Given a set $S$ and a field $F$ we can construct the $F$-free vector space over $S$ in the following way.

Consider the set of formal sums $$FS:=\left\{\sum_{s\in S} \alpha_s s\,:\, \alpha_s=0\, \text{except for a finite number of}\, s \in S\right\}.$$ The structure of an $F$-vector space is given to $FS$ by using addition and multiplication in $F$, ie $$\sum_{s \in S} \alpha_s s+\sum_{s \in S} \beta_s s = \sum_{s \in S}(\alpha_s+\beta_s) s,$$$$\alpha\left(\sum_{s \in S} \alpha_s s\right) :=\sum_{s\in S}(\alpha \alpha_s)s.$$

$FS$ is called free vector space over $S$.

The element of $FS$ for wich $\alpha_s=1$ and $\alpha_r=0$ if $r\neq s$ is identified with $s$. This identification embeds $S$ in $FS$ and allow us to consider $S$ as a set of generators for $FS$.

In fact, by definition, every element of $FS$ can be written as a linear combination of element of $S$. My question is the following: how can I prove that $S$ is a basis? I mean, how can I prove linear independence?

I think we have to add the following condition on $FS$: given $a=\sum_{s \in S} \alpha_s s, b=\sum_{s \in S} \beta_s s$ in $FS$ then $$a=b\,\text{iff}\, \alpha_s=\beta_s \, \text{for all}\, s \in S.$$ (in this way, linear independence is trivial).

Is this condition necessary or not to prove linear independence for $S$?

Thanks a lot in advance.


You are correct that the condition that $a=b$ if and only if $\alpha_s = \beta_s$ for all $s \in S$ is required. This is wrapped up in definition of a 'formal sum', so I don't think there's any reason why you'd need to spell it out explicitly.

If you wanted to be extremely precise, you could say that the underlying set of $FS$ is the set of functions $a : S \to \mathbb{R}$ such that $\alpha(s) = 0$ for all but finitely many $s \in S$. Writing $\alpha_s = a(s)$ and $\beta_s = b(s)$, the condition that $a=b$ if and only if $\alpha_s=\beta_s$ for all $s \in S$ now follows from the definition of a function, and then you can simply identify the formal sum $a = \sum_{s \in S} \alpha_s s$ with the corresponding function $a : S \to \mathbb{R}$.

(If your vector spaces are over a field $k \ne \mathbb{R}$, that's still fine: just replace $\mathbb{R}$ by $k$ in the previous paragraph.)

  • $\begingroup$ Thanks a lot man! Your answer was illuminating to me. Then, if I well understood, I can use the following definition: "Let $F$ a field and $S$ a set. The free $F$-vector space over $S$ is the vector space over $F$ whose underlying set is $$FS=\{\sum_{s\in S}^{}\alpha_s s\,:\, \alpha_s=0\,\text{for all but finitely many}\,s\in S\},$$ with the following condition: given $a=\sum_{s\in S}^{}\alpha_s s, b=\sum_{s\in S}^{}\beta_s s$ in $FS$ then $a=b$ iff $\alpha_s=\beta_s$ for all $s \in S$. The structure of $F$-vector space is given to $FS$ by using addition and multiplication of $F$, ie $\endgroup$ – eleguitar Sep 15 '18 at 9:31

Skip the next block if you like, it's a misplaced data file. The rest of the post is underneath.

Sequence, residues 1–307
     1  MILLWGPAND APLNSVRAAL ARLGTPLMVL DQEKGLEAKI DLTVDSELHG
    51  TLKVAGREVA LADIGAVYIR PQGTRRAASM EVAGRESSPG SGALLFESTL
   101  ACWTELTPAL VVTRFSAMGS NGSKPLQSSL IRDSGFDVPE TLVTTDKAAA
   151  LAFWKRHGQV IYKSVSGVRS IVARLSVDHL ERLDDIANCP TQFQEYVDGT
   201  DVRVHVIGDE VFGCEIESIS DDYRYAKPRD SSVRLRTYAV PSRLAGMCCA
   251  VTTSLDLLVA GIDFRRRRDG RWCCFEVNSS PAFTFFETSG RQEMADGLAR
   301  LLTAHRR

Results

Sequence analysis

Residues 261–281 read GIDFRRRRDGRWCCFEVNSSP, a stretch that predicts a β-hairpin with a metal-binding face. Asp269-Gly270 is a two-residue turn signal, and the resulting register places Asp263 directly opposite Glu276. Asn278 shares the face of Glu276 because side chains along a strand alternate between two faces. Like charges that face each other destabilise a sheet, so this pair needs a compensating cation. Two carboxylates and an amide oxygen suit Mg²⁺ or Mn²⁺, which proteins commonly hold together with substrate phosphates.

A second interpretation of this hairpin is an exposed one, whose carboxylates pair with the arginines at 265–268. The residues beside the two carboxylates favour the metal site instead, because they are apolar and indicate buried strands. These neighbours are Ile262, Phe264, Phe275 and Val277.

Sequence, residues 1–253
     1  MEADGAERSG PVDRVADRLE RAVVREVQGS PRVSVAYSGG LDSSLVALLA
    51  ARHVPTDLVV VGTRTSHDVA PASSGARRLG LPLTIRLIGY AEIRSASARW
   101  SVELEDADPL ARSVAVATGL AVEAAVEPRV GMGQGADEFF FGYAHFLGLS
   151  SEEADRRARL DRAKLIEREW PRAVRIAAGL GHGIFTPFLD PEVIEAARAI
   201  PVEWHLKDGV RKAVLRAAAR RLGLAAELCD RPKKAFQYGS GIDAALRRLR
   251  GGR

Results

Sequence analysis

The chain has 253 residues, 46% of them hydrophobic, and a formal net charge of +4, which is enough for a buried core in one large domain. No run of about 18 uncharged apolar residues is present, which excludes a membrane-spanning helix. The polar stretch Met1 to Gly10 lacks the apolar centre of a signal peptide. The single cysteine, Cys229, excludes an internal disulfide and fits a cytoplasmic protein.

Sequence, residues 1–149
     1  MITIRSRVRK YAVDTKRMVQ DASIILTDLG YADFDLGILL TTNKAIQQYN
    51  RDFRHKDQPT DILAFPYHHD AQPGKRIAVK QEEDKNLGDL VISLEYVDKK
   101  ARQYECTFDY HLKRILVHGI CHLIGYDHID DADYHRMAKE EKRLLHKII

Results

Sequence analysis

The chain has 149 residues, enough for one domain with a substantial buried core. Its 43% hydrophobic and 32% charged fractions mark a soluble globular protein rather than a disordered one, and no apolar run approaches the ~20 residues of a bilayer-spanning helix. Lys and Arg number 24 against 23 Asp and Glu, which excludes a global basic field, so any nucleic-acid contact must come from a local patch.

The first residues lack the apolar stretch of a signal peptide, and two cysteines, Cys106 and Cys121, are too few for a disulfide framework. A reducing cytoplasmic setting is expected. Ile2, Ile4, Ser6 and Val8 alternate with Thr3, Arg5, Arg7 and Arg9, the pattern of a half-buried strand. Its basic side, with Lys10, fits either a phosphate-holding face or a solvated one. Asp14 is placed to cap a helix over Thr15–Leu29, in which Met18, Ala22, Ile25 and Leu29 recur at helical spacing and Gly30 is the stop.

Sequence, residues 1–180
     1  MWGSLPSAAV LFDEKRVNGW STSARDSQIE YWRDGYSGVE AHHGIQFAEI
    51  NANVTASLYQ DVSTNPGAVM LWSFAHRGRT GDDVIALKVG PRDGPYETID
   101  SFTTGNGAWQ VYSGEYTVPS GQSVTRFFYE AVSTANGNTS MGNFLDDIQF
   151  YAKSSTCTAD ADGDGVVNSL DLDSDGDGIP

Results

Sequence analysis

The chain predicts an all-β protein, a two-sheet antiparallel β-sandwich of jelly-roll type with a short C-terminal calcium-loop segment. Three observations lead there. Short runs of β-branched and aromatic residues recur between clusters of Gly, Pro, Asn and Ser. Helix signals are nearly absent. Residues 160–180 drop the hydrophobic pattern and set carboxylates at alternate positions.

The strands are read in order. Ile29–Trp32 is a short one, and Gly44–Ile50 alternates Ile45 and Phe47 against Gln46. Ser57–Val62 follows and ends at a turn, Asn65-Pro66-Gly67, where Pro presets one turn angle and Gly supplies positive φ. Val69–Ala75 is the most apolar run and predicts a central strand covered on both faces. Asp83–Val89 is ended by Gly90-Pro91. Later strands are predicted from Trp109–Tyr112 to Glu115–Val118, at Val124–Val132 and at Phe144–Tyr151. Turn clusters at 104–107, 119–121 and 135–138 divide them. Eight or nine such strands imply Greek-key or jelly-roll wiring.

• $\begingroup$ $$\sum_{s\in S}^{}\alpha_s s+\sum_{s\in S}^{}\beta_s s:=\sum_{s\in S}^{}(\alpha_s+\beta_s) s,$$$$\alpha \sum_{s\in S}^{}\alpha_s s:=\sum_{s\in S}^{}(\alpha\alpha_s) s.$$" $\endgroup$ – eleguitar Sep 15 '18 at 9:32

A basis of a vector space $V$ is a set $B \subseteq V$ such that for any vector space $W$ and a function $f : B \to W$ there exists a unique linear map $\tilde{f} : V \to W$ which extends $f$.

In your case, let $W$ be a vector space and $f : S \to W$ a function. If a linear map $A : FS \to W$ extends $f$ then by linearity we have

$$A\left(\sum_{s \in S} \alpha_s s\right) = \sum_{s \in S}\alpha A(s) = \sum_{s \in S} \alpha_sf(s)$$

Hence, the only candidate for $\tilde{f} : FS \to W$ is given by $\tilde{f}\left(\sum_{s \in S} \alpha_s s\right) = \sum_{s \in S} \alpha_sf(s)$. This map is indeed linear:

\begin{align} \tilde{f}\left(\lambda\sum_{s \in S} \alpha_s s + \mu\sum_{s \in S} \beta_s s\right) &= \tilde{f}\left(\sum_{s\in S}(\lambda\alpha_s +\mu\beta_s)s \right)\\ &= \sum_{s\in S}(\lambda\alpha_s +\mu\beta_s)f(s)\\ &= \lambda \sum_{s \in S} \alpha_s f(s) + \mu\sum_{s\in S}\beta_s f(s)\\ &= \lambda\tilde{f}\left(\sum_{s \in S} \alpha_s s\right) + \mu\tilde{f}\left(\sum_{s \in S} \beta_s s\right) \end{align}

Therefore $S$ is a basis for $FS$.


For clarity, I will put square-brackets around the elements of $FS$.

Suppose we are given a finite linear combination of elements of $S$:

$$ \sum_{s \in S} c_s [s] $$

(meaning that all but finitely many $c_s$ are zero). Then by inductively applying the definition of the vector space operations, we can show

$$ \sum_{s \in S} c_s [s] = \left[ \sum_{s \in S} c_s s \right]$$

If we have a linear dependence

$$ \sum_{s \in S} c_s [s] = 0 $$

then we must have

$$ \left[\sum_{s \in S} c_s s \right] = \left[\sum_{s \in S} 0 s\right]$$ and thus $c_S = 0$ for all $s$.


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